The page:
Every experience is personal. The first step in getting to an objective, impersonal truth is to know the personal: to know where you stand, to know what your lab chemicals are made of, to know what time it is and how fast the wind is blowing. That's why it's so important that scientific results be reproducible: when we do that, we're saying that two people can have the same experience.

a little further on, when an example of temperature-measurement came up, I wrote:

What I'm trying to say is that the statement

The temperature in the room is 22°C

is *also* a description of personal experience. These days, it's the experience of looking at a thermometer that you know has been calibrated, so it's a very restricted, controlled personal experience. Back in 1700, when there was no generally accepted scale for measuring temperature or technology for doing so, scientists had to specify their personal experiences measuring temperature in great detail before a fact like that could be agreed upon.

Ludwig Fleck's Genesis and Development of a Scientific Fact is a detailed examination of how a specific "objective scientific fact" (in this case, the Wasserman Reaction for syphilis) has to be developed through communication and consensus -- by comparing personal experiences, in other words.

in response to ako, who said:
Second, prefacing things with "I feel" has a completely different effect than adding specifics.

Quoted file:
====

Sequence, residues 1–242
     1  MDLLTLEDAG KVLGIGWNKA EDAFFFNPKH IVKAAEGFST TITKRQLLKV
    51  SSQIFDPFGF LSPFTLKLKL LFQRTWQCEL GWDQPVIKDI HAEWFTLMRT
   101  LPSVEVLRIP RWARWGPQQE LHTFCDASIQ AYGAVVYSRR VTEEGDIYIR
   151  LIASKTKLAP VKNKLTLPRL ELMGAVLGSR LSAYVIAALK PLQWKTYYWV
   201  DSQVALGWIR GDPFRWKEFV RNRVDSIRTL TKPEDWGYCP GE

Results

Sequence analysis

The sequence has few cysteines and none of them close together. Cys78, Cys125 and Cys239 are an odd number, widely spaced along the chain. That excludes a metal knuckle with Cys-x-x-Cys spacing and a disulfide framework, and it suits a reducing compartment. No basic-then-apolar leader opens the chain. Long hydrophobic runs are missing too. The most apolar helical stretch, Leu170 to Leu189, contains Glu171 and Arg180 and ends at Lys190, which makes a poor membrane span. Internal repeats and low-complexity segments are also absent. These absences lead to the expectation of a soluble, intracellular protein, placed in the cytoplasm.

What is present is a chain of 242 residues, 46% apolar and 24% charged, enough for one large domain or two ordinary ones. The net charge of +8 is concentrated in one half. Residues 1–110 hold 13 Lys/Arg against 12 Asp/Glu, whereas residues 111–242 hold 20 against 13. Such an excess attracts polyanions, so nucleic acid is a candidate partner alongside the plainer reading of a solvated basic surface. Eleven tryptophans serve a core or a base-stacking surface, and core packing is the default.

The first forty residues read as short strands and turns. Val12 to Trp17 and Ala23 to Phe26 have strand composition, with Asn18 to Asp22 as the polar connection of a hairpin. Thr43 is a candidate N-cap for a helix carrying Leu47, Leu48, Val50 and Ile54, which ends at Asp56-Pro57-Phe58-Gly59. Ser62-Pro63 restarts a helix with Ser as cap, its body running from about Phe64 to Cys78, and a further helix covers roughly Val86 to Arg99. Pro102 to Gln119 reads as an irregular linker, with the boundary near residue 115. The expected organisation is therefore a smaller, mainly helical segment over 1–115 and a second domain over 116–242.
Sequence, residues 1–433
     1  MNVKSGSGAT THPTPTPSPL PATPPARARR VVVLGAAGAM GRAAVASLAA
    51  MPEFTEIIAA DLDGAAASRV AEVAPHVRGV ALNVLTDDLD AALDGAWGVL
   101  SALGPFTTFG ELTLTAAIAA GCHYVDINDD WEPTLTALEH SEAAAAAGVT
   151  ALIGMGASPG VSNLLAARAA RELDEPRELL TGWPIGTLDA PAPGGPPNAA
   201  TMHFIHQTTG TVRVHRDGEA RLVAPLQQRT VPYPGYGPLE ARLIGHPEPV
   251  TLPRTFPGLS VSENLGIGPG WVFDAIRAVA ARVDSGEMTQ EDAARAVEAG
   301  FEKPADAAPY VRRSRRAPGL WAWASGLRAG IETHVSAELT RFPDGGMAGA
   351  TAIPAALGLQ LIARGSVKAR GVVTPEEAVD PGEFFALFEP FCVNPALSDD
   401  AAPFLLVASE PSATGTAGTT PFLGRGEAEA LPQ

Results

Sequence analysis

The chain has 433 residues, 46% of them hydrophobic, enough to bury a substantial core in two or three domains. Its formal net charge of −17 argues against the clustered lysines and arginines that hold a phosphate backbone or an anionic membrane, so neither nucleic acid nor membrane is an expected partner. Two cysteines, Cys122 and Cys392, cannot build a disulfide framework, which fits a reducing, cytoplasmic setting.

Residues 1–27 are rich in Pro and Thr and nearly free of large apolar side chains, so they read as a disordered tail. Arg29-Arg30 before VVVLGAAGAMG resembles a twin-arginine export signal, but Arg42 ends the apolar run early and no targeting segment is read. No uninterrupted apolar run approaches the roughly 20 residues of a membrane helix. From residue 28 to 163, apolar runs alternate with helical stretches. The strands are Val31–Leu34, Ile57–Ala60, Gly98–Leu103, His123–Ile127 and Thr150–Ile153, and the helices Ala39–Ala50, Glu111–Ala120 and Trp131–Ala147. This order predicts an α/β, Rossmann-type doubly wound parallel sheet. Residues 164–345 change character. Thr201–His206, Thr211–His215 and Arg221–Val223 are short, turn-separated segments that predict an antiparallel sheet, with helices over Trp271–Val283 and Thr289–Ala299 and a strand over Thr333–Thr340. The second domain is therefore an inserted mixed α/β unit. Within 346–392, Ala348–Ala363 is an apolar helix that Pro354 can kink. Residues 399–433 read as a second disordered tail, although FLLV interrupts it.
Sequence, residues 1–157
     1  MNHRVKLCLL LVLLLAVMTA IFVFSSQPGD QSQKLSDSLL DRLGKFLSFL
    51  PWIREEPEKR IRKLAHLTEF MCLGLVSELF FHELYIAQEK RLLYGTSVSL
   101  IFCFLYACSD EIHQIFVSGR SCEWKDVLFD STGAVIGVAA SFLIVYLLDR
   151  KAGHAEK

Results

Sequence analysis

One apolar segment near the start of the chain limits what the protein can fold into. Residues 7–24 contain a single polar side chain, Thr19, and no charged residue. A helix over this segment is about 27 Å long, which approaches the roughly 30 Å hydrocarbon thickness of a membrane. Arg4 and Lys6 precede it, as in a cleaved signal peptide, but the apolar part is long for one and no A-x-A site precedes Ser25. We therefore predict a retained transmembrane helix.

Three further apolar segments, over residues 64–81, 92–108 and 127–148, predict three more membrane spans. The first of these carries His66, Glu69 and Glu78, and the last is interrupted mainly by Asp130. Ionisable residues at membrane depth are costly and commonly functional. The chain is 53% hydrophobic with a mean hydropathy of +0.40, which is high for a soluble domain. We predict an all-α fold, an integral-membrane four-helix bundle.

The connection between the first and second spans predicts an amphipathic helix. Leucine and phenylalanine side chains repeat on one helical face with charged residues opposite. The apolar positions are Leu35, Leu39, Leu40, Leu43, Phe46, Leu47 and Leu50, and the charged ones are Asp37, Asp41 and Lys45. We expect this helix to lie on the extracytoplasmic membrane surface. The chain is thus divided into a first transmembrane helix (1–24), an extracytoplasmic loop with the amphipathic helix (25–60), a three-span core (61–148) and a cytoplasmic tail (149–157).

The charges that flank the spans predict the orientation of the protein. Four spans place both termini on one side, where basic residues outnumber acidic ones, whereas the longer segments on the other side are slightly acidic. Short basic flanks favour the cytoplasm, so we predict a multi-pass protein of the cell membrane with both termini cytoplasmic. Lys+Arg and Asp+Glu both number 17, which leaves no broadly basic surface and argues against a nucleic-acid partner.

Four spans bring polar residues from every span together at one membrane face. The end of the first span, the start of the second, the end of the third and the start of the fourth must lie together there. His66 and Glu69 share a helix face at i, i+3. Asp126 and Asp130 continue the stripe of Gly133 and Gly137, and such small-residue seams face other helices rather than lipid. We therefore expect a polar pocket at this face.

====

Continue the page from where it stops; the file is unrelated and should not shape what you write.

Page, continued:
I said:

Not when we're talking about human emotions. The different kinds of I statements used to talk about thermodynamics ("I observed the thermometer") versus morality ("I feel abortion is murder") versus culture ("I feel The Ramones rock") can be varieties of the same basic approach: working toward objective knowledge by comparing experiences.

The statement "I feel The Ramones rock" is *more specific* than "The Ramones rock", and opens the door to adding yet more specifics: "I feel The Ramones rock because . . .", "I like 'Sheena Is a Punk Rocker' better than 'Rock n Roll High School' because . . ." "Personally, I think Keds are stupid because . . ."

and then added:

Here's another way of phrasing it:

Personal, subjective experience is repeatable. For instance, a lot of people personally feel The Ramones rock. However, there are also people who feel The Ramones suck. The important question for a Ramones-lover isn't "why do some people have wrong feelings about The Ramones?" but, "What is different between us, such that we listen to the music together but have different reactions?" And because we're talking about complex human reactions, we have to start with I-statements.

Monday, March 05, 2007

Left-Right differences in civility

There's now a civility discussion over at Slacktivist. I said:

There is one point on which I've found total agreement between Left & Right Blogistan: each side finds the other shockingly uncivil.